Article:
Smashing barriers on the spectrum
Four years ago, Beenleigh-based Hunter Thompson was failing every subject at school and struggling to attend class.
Now 19, Hunter tinkers with his car, plays Fortnite – and represents Australia on the world stage.
He has recently returned from the Virtus Global Games in Paris where he was surprised and humbled to win gold in the newly introduced category for tennis players with autism.
Hunter was also named the 2022 Elite Athlete with a Disability at the City of Logan Sports Awards last year. Nominations for the 2023 Sports Awards are now open.
His mother and coach, AJ Thompson of Beenleigh’s FuturePros Tennis Academy, says his recent successes have been years in the making.
‘He deserves it because as a junior, he participated through mainstream channels and it was incredibly difficult,’ she says.
‘It’s a very warm and fuzzy feeling for him to be recognised and he’s very quietly proud.
‘It’s also great because it’s opening doors for him and other elite athletes on the spectrum.’
Hunter, who first picked up a tennis racquet at the age of one, has overcome numerous challenges as a neurodivergent athlete.
Before he was diagnosed with autism at 16, his biggest challenge was related to black and white thinking while on court.
‘Things are either right and wrong and if someone on the spectrum feels a sense of injustice, the world starts spinning out of control,’ AJ says.
‘As a child, he’d end up crying in the middle of a match or just throw the game because he couldn’t move on from an incorrect referee call.’
Like many others on the spectrum, Hunter also has sensory sensitivities and can get overwhelmed while playing on sand or clay courts.
Despite these challenges, Hunter has served and sliced his way into the upper echelons of Australian tennis, training with the likes of Christos Kyrgios, brother of Australian tennis star Nick Kyrgios.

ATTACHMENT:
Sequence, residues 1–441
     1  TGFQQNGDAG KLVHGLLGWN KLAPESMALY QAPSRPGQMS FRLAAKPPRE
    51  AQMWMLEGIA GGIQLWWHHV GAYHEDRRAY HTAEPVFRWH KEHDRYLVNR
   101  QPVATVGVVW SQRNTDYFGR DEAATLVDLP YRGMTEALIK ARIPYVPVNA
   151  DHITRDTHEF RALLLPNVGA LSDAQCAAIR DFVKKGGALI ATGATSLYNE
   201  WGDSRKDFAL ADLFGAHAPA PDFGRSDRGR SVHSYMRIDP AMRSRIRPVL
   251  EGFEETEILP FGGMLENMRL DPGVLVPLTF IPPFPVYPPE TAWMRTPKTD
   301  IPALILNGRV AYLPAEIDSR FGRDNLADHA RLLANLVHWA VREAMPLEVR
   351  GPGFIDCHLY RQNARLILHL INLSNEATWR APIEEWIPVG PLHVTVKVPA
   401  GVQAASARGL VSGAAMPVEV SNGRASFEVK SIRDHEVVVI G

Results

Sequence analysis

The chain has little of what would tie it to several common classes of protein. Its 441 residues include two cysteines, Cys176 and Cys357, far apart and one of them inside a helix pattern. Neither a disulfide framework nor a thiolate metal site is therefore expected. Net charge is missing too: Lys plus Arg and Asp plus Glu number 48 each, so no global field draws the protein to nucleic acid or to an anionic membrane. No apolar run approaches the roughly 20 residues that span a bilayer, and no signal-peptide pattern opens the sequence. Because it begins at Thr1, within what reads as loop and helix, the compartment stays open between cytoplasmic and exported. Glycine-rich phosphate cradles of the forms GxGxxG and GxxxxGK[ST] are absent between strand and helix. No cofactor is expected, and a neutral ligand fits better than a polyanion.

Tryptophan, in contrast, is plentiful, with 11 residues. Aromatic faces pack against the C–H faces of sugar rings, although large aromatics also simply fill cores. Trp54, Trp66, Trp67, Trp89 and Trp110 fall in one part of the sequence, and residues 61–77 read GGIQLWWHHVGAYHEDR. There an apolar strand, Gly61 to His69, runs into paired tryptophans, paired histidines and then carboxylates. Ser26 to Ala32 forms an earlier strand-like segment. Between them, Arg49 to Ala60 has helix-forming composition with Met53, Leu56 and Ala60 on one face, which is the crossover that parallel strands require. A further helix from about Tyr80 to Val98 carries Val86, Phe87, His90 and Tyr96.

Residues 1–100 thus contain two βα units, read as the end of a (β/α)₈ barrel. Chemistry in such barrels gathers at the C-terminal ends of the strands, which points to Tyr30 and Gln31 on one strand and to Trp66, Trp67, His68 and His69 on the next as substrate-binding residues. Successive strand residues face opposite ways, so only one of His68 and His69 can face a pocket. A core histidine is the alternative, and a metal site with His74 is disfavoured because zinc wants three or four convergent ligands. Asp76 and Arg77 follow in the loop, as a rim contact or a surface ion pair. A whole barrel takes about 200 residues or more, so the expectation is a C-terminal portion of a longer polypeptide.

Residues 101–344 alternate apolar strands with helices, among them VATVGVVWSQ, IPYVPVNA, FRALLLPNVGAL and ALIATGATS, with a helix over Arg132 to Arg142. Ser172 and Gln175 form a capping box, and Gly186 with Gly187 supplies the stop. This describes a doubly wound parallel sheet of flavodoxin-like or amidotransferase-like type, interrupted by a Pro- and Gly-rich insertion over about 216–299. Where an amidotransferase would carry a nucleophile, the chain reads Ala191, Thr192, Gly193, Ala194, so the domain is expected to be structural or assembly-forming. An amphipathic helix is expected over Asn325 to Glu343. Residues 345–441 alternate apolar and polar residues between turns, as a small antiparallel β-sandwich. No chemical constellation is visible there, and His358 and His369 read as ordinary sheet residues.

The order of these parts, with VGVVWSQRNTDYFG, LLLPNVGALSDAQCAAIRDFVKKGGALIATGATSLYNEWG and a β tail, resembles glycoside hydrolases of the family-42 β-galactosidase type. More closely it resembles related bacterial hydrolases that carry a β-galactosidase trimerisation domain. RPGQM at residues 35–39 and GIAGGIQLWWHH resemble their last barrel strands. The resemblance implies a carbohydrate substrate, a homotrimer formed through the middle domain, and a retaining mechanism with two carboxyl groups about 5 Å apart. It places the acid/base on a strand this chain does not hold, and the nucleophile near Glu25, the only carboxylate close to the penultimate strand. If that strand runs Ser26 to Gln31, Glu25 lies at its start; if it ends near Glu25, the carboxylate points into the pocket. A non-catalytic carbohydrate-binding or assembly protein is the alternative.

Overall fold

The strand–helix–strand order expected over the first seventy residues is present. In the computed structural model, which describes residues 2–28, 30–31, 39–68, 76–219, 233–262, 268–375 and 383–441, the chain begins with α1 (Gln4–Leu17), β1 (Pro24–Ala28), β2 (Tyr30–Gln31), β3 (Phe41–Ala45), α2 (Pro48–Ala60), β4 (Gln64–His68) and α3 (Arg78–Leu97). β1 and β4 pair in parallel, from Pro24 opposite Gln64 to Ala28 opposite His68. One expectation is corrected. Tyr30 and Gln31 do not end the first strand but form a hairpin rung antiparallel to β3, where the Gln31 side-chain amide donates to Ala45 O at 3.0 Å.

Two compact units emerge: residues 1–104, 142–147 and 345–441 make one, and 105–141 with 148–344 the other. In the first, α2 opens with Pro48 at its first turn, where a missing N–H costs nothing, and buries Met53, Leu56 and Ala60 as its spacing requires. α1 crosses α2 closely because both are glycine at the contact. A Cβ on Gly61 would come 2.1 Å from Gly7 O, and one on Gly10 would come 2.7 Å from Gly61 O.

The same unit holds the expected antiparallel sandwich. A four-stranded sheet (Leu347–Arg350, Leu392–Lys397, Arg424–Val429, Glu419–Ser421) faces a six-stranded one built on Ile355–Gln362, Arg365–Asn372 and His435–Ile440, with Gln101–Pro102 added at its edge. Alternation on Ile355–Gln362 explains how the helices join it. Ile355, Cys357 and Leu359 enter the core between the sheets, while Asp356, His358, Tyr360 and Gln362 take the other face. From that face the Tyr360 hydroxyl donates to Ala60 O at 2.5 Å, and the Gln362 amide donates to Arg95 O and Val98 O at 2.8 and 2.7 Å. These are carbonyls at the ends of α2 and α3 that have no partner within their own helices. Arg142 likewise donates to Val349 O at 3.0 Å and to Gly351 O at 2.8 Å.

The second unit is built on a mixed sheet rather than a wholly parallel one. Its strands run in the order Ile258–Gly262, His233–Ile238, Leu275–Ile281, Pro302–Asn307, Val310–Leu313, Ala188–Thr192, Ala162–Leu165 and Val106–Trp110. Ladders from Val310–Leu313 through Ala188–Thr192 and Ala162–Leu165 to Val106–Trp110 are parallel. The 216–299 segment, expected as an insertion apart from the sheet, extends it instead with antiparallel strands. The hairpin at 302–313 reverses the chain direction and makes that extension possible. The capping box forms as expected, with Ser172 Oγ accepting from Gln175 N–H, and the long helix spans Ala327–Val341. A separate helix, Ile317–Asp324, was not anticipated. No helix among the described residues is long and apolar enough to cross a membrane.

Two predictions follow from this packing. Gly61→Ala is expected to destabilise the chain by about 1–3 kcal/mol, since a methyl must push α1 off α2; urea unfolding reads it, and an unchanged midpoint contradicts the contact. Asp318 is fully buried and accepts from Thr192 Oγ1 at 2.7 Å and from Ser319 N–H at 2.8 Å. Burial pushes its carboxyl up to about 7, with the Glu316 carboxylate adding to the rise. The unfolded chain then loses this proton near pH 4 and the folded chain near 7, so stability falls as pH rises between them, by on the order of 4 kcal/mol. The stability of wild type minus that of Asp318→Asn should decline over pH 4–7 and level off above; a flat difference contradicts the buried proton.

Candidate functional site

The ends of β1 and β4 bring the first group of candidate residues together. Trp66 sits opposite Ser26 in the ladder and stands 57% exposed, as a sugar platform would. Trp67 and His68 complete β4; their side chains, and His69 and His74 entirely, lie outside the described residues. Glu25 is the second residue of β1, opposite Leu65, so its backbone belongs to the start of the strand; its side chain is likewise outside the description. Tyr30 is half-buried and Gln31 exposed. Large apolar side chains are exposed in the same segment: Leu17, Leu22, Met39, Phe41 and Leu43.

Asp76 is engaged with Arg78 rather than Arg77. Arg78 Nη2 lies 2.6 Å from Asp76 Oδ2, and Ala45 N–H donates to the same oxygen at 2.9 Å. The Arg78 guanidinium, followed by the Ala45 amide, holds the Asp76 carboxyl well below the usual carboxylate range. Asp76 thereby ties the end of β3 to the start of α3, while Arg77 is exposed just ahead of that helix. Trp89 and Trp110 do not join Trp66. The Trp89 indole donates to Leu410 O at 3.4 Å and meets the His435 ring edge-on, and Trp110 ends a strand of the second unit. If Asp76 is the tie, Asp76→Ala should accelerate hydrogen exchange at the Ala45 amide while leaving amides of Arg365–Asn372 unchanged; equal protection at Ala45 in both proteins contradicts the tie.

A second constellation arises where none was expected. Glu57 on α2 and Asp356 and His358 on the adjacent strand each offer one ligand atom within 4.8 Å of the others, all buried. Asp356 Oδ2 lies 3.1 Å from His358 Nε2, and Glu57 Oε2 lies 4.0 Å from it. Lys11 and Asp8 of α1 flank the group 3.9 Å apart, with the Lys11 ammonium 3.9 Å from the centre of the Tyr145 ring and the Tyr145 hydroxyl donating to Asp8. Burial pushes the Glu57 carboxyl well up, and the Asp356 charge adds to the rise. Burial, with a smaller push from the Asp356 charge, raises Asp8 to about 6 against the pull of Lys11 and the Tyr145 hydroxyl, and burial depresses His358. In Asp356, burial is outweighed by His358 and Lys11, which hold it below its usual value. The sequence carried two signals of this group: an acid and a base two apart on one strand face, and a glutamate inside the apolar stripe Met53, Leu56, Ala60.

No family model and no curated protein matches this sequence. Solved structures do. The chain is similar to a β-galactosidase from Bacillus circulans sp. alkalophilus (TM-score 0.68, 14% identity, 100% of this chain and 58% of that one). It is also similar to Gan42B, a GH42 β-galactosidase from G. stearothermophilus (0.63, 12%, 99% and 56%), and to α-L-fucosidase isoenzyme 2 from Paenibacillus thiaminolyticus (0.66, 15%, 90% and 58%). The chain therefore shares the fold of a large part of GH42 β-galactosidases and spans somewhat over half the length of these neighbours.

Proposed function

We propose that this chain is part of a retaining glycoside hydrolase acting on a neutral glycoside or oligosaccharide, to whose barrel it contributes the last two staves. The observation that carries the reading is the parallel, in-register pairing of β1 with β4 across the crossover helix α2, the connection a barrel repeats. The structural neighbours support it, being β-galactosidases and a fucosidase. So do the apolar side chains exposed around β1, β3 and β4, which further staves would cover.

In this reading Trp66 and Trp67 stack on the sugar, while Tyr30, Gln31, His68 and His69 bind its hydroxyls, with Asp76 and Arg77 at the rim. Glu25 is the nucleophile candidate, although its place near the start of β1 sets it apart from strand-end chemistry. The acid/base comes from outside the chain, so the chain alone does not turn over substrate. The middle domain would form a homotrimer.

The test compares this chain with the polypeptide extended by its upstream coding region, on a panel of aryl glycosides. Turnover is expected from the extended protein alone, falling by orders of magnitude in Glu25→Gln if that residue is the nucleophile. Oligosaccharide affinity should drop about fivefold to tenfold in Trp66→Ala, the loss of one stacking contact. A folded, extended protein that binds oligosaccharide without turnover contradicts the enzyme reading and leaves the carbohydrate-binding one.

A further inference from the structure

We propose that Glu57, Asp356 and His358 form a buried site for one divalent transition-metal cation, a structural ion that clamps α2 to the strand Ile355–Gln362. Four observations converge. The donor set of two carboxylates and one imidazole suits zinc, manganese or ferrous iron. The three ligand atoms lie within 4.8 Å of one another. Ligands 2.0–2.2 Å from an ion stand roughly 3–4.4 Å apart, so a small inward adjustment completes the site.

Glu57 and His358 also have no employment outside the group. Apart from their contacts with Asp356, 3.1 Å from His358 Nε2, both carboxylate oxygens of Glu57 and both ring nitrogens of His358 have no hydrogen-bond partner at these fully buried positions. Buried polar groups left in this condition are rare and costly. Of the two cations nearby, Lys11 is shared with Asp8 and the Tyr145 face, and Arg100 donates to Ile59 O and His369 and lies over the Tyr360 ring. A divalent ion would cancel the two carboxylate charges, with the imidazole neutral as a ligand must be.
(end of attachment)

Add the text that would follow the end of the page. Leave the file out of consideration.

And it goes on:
This was in no small part due to his parents’ efforts to make tennis more inclusive.
AJ and her husband Kyle have worked closely with Tennis Queensland and Tennis Australia to ensure tournaments cater for athletes with disabilities by providing sensory rooms and umpires.
The duo, along with Hunter, now coach 40 tennis players on the spectrum at their Beenleigh academy.
‘Hunter is a beautiful advocate for tennis and autism and is proof that the elite level is attainable, regardless of skill or disability,’ AJ says.
‘He’s also become more confident – the Hunter you see on the tennis court is totally different, joking around and leading his teammates.
‘On the court, he’s less protective and truly expresses himself. Tennis has given him that confidence – that he’s good at something and that he’s okay – and it’s really wonderful seeing other kids feel the same way.’
Hunter is now resuming his rigorous 6-day training schedule and has been invited to compete on the international circuit.
Get the latest updates on the FuturePros Tennis Academy Facebook page.